Friday, June 29, 2012
I get by with a little help from my (online) friends
This post is a part of a blog carnival with the new online community mom.me, and is sponsored by P&G. Head on over to the mom.me site to take part in the discussion about motherhood and online communities, and you will be entered to win one of five P&G gift baskets valued at $250.
How the online world has helped me as a mom
As a kid, days lasted forever. The time from any day of the year until Christmas felt like an eternity. Summers lollygagged along, hours of the day were spent doing nothing and being perfectly content with that. Impressions of the world were permanently stamped on my brain, and are ones that I can actually recall as an adult. Fast forward to today, and it seems that if I blink too long, a month will have passed and I won't even remember what I had for breakfast.
The pace of life as a parent is hard to describe to anyone who has yet to experience it. You hear the snide remarks about never sleeping in again, trading in Foo Fighters for Twinkle Twinkle, losing softball for little league, and the ever dreaded "You think that's bad, just wait!" But I know now that I never had a complete understanding of just how easy it is to fall into a fast and furious whirlpool of scheduling until I had my own child to revolve around. He is about to turn three, and it took until about six months ago when I finally popped my head out of the water to look around and realize how much me and my life have changed.
My husband and I have never really lived quiet lives. We worked, played sports, had far-reaching circles of friends and family, were active in church, and generally lived in an on-the-move schedule. Once my son was born, that schedule hit a brick wall, got swept up into a bag and shaken around, planted, and grew into something even bigger and faster than I ever knew existed. Calm is preferable. Busy is ok. Overwhelmed is not. The lines between each of those is very fuzzy, but with help of a friend's perspective (thanks!) I'm finally understanding what an important determining factor is: time to ponder.
When I have time to think, reflect, and absorb the happenings going on around me, I have a sense of calm. Even if it is busy, as long as I can carve out that time for review, things feel in control. I have a handle on what is going on. I can enjoy, or not, and react. When the to-do list is so long that I am blinded to everything other than getting the tasks completed, discontent sets in. It might sound counter-intuitive, but the time I have spent online, when handled correctly, has helped me to ponder.
When I had an infant and was in a state of complete sleep deprivation and a daily schedule merry-go-round, Facebook kept me connected to the world I felt so far from. I could share with my friends and family, keep up on some of their lives, all without the worry of the stains on my t-shirt and whether my brain could even form a complete sentence.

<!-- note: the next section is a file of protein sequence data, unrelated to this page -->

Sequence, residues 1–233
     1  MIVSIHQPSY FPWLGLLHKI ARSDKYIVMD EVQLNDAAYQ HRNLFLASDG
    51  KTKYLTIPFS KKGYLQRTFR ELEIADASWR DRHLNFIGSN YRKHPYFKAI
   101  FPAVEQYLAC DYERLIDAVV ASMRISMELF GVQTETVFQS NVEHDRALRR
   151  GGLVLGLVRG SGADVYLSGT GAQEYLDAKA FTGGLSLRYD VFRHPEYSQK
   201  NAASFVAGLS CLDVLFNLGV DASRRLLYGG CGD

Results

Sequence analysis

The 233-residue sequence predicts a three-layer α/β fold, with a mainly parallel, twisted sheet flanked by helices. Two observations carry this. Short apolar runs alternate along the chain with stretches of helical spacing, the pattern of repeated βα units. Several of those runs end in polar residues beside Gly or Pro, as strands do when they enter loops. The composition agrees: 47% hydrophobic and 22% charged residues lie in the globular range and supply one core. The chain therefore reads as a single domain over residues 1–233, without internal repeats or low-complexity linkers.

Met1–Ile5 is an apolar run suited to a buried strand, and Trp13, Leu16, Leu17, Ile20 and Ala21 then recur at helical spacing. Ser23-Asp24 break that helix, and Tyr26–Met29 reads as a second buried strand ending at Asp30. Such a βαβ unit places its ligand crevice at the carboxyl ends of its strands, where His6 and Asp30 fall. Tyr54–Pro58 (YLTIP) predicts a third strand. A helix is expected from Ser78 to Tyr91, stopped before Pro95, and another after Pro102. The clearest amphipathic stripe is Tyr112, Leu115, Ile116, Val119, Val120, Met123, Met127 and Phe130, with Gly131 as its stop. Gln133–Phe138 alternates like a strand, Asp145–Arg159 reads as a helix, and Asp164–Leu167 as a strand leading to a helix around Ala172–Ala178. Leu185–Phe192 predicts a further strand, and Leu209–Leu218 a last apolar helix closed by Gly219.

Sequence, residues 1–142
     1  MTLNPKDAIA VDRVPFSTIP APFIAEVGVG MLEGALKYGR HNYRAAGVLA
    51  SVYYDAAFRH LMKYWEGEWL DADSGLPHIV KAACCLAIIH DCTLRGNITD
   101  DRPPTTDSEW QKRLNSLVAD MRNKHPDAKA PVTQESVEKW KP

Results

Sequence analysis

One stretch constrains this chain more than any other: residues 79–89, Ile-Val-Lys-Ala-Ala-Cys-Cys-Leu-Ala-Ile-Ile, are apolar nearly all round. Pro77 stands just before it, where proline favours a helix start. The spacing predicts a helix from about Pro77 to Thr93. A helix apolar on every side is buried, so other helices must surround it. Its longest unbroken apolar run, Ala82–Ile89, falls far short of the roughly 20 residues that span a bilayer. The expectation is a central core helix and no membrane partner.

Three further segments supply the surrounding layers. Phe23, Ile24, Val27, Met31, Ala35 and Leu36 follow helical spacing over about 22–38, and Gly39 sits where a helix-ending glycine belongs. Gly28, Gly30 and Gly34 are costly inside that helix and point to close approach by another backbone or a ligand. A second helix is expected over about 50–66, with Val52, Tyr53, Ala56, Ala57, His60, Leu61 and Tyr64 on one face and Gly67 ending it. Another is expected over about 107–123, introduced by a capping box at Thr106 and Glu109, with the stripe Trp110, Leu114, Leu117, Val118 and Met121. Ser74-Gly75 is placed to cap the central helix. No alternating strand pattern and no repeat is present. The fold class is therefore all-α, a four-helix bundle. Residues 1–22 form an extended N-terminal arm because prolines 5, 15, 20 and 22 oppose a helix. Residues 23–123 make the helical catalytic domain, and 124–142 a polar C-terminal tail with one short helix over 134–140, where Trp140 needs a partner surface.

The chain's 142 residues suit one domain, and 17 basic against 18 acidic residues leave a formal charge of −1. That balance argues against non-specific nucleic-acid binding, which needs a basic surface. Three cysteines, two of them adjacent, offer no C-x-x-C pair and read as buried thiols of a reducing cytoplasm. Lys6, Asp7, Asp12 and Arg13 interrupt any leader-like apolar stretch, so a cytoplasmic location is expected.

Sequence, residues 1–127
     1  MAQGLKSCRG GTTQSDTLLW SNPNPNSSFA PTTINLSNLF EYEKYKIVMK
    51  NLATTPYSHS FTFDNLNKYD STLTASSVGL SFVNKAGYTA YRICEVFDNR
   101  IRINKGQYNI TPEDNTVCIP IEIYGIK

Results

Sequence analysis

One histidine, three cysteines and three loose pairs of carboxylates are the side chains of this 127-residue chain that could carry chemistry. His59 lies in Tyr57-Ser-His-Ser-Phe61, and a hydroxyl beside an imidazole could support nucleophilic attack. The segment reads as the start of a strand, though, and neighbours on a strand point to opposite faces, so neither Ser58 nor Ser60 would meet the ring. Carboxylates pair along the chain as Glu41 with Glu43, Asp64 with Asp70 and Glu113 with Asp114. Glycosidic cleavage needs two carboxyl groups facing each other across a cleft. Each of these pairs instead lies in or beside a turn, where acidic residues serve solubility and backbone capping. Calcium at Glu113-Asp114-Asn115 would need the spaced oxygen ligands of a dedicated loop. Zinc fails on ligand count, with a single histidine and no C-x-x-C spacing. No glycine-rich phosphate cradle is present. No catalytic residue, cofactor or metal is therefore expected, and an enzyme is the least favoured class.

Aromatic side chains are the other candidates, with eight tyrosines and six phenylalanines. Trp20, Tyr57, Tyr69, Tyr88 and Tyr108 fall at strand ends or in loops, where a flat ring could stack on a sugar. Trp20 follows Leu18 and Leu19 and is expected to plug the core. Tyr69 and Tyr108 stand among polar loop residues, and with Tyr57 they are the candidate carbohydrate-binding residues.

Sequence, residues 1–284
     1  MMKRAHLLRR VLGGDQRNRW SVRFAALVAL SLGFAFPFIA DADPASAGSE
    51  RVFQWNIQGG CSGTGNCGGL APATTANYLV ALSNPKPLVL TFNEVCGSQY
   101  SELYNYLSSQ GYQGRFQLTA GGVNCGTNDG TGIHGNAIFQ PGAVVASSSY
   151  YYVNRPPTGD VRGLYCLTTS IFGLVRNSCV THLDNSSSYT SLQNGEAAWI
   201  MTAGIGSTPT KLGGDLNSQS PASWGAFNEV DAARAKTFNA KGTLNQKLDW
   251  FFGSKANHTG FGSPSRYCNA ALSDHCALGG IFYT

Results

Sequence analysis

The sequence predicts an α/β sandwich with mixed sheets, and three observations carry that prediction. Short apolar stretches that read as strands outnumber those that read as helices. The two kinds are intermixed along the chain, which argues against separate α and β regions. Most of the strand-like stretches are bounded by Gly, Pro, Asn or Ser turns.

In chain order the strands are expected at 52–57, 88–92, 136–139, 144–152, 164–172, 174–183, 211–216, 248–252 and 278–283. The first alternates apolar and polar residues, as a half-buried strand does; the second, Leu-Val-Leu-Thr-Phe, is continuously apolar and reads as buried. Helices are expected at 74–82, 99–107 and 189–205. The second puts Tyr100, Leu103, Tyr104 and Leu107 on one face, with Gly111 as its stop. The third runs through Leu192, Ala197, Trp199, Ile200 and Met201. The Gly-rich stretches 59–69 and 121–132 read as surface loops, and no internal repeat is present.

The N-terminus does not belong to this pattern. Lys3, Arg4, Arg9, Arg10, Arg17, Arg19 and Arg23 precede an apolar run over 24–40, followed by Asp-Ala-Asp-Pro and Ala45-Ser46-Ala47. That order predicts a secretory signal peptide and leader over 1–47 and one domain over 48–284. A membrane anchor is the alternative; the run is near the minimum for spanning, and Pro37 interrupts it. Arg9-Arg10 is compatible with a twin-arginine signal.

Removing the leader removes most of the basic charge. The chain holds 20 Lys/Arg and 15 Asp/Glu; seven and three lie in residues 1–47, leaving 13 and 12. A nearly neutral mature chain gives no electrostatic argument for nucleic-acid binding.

When I had a toddler and was completely perplexed on how to handle that new little person, I started reading websites geared towards parents. I was interested to read the developmental milestone information, different tips and theories, any tools I could find to navigate this stage of parenting. That's the time that started to notice the negatives of too much of that type of reading. Comparing parenting styles can be a very judgmental, self-depreciating, negative thing if you aren't careful. Parenting ideas are as different and varied as the kids being discussed, and it is easy to question of you are making the right choices. Being a mom is hard enough, there is no need to add extra imaginary pressure to make it worse. Once I figured out that I knew best how to parent my son, just as everyone else their own children, it was a much happier place to be.
Enter blogging. This blog was started to chronicle the journey of doing things I enjoyed again, in addition to parenting. I never realized how much I would like it. Writing gives me that time I need to ponder. The activities that I am blogging about all seem to do the same. Exercise clears my head to make room for reflection. Reading helps me think in new ways. Gardening, cooking and photography are all deliberate, quiet hobbies and give me calm and time to reflect as I do them. Along with writing my own blog, I've also started to spend more time reading other people's blogs. There are the incredibly beautiful, brilliant, hysterical authors that I don't know but want to electronically hug. There are authors that frustrate me, that I don't agree with. Both help me shape who I am and how I think, and I appreciate them both. Would I have been the same mom without the internet? Probably. Did it make it a little easier? A little more fun? Yes. And no matter how big or small, I will take every bit of help I can get.